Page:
Google Maps got a major update, and people hate it

Google Maps is rolling out on the Pixel 8 Pro, showing off the new colors until November 2023.
Joe Maring/

For the past few weeks, Google has been quietly introducing a new color for its popular Google Maps app — and it’s wreaking havoc this holiday travel season.

Although some people may be disappointed by any changes made to such an established and widely used app, it seems there’s more to people than just being frustrated by unfamiliar colors. With many people expressing their displeasure with the redesign on social media, professional user interface (UI) designers have been joined in expressing similar, but more subtle comments. Even a designer who once worked on Google Maps is calling the new design a backward step for the service’s usability.

People have described the new design as attractive on social media. “Like a normal map installed in a car navigation system with a CD-ROM.” others say The new maps look “sad” while some have appreciated the changes As in the nostalgia of “looking at an old map in the library”.

A step backward for accessibility

Reddit post from a user commenting on the Google Maps redesign and colorblind users.

However, there is a more important consideration on the new colors in Google Maps that the company’s designers have completely ignored – they are not friendly to people who are color-blind. While many people have complained about this New colors are 30,000 times less accessibleFor some people it is a more serious problem.

As one Redditor wrote: “What’s surprising is that whoever designed this has literally never heard of the most common form of color-blindness before.” Several posts on Reddit’s r/ColorBlind have pointed out that the new design has made it harder, if not impossible, for color-blind people to use Google Maps effectively. One Redditor, James Connolly, has even started a petition calling on Google to reverse the color change on behalf of the color-blind community.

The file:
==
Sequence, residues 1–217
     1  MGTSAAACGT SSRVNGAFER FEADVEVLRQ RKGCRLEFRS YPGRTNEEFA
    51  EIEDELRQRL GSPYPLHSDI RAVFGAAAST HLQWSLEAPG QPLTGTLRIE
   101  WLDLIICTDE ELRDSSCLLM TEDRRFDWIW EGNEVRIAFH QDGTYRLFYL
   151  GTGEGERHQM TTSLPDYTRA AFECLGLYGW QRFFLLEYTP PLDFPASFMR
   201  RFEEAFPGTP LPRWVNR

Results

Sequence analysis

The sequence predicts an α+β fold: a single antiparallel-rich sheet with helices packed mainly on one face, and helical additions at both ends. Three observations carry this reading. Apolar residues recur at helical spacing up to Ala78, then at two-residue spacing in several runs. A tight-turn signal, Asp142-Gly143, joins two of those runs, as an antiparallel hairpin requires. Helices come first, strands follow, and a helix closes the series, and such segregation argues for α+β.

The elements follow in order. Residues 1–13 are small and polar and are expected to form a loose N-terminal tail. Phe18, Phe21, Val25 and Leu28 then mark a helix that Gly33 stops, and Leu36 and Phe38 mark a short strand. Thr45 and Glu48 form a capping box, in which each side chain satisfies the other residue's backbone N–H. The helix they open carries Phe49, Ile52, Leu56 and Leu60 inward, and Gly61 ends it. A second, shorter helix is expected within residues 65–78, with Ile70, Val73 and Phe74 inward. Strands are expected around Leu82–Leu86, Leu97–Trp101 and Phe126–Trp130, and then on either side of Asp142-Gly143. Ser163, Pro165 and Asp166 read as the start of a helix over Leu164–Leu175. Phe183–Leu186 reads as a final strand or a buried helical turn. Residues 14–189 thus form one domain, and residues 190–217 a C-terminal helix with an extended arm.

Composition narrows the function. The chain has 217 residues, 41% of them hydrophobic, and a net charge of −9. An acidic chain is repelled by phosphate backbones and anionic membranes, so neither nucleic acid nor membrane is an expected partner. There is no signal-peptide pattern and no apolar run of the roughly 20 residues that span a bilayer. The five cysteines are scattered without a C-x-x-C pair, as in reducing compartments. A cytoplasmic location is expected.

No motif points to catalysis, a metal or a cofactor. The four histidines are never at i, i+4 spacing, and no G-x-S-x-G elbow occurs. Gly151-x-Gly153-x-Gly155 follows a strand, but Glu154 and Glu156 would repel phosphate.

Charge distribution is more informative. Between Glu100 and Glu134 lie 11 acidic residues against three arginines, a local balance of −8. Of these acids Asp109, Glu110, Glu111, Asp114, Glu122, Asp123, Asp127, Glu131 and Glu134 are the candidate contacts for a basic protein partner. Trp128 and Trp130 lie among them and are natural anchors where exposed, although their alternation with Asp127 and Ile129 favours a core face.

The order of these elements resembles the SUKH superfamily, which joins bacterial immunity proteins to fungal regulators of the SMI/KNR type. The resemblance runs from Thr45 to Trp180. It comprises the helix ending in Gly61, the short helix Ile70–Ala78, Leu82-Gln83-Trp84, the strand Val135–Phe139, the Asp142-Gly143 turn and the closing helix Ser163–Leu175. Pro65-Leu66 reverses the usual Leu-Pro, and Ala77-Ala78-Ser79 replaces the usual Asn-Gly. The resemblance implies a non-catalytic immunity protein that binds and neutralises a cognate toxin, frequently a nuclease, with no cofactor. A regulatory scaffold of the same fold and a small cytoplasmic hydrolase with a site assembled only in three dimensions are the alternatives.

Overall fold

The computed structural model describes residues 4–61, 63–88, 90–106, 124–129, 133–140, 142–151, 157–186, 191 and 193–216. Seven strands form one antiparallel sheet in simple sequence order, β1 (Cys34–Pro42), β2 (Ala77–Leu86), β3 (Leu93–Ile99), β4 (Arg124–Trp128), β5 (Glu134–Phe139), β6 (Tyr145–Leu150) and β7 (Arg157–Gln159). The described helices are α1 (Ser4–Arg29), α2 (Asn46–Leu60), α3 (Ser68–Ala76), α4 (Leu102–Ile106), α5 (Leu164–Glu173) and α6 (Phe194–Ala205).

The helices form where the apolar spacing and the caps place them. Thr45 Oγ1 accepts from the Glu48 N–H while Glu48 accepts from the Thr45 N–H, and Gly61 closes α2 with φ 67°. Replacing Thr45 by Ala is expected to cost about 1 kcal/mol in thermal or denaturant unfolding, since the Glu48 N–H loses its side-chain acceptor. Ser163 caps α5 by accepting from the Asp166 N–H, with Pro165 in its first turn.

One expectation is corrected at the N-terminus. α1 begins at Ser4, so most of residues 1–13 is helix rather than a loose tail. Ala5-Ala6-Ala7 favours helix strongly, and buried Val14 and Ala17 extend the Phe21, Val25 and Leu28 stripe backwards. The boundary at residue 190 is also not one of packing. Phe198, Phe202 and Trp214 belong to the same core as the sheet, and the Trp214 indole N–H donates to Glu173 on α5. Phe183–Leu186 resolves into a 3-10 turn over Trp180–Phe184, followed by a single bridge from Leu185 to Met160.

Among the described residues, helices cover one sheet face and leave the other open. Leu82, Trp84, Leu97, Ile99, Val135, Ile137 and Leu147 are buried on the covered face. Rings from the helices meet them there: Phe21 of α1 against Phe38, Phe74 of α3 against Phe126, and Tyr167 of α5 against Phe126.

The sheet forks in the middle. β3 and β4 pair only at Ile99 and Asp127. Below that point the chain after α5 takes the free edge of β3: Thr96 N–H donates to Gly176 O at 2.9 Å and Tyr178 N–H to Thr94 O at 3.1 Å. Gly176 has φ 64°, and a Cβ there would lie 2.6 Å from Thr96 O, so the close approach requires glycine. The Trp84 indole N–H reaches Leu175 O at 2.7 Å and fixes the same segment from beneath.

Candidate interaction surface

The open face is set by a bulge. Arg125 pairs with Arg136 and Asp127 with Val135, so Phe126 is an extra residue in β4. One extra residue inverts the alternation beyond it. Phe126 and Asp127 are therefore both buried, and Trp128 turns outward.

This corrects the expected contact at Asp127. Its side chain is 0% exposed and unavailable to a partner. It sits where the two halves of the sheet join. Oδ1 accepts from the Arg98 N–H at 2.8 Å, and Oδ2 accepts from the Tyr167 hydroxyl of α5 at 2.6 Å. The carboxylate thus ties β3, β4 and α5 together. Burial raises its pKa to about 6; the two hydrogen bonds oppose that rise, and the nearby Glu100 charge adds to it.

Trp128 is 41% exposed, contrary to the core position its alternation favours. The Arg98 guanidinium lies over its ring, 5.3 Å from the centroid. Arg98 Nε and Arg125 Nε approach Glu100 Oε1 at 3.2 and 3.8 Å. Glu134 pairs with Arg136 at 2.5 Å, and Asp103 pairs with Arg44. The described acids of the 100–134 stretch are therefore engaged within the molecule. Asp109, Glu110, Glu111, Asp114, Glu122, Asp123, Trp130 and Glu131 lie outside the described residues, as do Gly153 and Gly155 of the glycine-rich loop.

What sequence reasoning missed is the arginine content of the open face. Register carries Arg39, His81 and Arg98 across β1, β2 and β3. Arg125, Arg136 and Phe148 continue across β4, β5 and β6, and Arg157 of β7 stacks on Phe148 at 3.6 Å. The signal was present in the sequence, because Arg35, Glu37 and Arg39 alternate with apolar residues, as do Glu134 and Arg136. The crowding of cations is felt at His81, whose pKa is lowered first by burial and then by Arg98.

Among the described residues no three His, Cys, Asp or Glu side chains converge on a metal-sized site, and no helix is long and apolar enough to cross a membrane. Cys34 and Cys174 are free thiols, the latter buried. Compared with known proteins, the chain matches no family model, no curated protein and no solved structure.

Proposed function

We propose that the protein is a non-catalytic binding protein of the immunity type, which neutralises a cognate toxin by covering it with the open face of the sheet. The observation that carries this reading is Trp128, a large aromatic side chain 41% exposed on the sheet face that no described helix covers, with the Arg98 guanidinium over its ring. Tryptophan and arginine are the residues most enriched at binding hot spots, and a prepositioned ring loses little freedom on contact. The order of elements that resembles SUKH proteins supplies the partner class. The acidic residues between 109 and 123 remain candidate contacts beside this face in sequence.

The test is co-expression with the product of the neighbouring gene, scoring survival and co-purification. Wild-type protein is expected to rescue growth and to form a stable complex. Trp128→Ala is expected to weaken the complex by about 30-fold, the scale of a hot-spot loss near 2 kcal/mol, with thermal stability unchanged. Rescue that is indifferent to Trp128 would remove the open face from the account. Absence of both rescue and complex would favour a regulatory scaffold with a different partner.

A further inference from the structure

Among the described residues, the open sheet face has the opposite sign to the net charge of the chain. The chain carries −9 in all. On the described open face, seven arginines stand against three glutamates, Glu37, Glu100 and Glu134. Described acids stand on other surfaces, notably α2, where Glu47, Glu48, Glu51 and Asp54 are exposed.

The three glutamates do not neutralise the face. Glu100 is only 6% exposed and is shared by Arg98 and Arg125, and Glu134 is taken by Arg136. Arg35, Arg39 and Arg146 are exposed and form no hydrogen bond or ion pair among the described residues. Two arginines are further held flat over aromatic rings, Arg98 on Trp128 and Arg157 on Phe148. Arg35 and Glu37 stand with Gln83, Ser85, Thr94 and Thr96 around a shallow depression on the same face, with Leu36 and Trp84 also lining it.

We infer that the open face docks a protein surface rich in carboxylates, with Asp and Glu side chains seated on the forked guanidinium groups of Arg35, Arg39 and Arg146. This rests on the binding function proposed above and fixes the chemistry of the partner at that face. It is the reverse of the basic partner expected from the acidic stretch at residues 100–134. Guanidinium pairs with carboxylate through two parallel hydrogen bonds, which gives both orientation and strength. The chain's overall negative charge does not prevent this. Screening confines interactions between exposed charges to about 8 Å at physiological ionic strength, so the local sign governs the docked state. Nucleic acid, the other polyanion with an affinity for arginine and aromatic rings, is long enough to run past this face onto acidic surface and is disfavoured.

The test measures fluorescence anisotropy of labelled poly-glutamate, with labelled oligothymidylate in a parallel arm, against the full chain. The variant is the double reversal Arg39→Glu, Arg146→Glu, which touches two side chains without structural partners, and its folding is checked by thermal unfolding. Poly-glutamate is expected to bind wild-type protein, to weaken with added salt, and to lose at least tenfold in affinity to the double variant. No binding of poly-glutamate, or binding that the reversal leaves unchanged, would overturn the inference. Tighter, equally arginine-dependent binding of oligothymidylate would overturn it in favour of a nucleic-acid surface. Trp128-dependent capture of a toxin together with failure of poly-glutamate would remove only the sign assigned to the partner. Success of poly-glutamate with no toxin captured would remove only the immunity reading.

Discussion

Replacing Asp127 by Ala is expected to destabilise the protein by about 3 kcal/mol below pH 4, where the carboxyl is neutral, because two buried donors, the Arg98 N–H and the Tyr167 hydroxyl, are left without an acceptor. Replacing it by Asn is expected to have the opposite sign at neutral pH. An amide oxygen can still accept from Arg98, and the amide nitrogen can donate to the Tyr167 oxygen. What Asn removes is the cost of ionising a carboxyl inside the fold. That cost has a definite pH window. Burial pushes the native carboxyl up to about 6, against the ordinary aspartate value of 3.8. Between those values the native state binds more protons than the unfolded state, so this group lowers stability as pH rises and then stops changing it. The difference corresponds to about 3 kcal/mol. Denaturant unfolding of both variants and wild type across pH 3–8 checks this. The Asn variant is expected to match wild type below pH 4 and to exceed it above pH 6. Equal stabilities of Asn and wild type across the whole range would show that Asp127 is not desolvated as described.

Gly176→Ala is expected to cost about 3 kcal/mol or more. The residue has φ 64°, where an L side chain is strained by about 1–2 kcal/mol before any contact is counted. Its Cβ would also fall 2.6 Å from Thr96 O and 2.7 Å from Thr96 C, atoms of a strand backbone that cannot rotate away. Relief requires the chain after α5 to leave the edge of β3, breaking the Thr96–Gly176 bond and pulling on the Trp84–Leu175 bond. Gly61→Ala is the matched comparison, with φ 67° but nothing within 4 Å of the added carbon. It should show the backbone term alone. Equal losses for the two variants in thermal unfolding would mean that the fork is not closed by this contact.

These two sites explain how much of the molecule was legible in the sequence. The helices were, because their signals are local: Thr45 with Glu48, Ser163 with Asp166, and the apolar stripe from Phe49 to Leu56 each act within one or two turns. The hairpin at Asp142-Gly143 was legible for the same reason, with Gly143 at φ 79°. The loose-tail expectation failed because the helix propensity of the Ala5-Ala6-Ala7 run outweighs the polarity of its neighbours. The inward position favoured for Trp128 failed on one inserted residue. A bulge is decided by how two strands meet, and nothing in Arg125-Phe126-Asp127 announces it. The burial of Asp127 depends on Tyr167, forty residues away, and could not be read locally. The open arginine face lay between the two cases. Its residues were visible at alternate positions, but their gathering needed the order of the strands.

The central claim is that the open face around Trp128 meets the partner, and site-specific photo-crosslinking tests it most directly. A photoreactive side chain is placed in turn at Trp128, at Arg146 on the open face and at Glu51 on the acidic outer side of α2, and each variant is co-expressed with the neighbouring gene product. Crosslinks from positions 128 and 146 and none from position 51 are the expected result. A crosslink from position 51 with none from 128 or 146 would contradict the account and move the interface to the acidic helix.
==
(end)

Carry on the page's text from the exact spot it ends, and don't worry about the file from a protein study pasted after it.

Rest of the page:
“I am one of the 300 million people around the world who suffer from color-blindness,” Connolly said in the petition. “The recent changes Google has made to its Maps application have made it difficult for me and others like me to use this essential tool effectively. The new look is not color-blind friendly, which is a big blow for those of us who rely on the service on a daily basis.

The interesting thing is that this is not a new problem. Six years ago a Reddit post in r/ColorBlind expressed concern about poor color choices in Google Maps during its last color scheme update.

Is Google (badly) copying Apple Maps?

Offline Maps feature for Apple Maps in iOS 17.
digital trends

If you think the new color scheme in Google Maps looks too Apple-like, you’re not alone. When? 9to5Google first reported the change after Google began testing it in late August, accurately noting that the more vibrant blue “immediately compares to Apple Maps” and specifically those Will be obvious to people who live or travel near a body of water.

It was not alone. Former Google Maps designer Elizabeth Larkey Wrote a long post on X (the social network formerly known as Twitter) is also suggesting that Google’s redesign is similar to Apple Maps — but in all the wrong ways.

“It feels colder, less accurate, and less human,” Larkey wrote, adding, “More importantly, they missed a key opportunity to simplify and scale it.”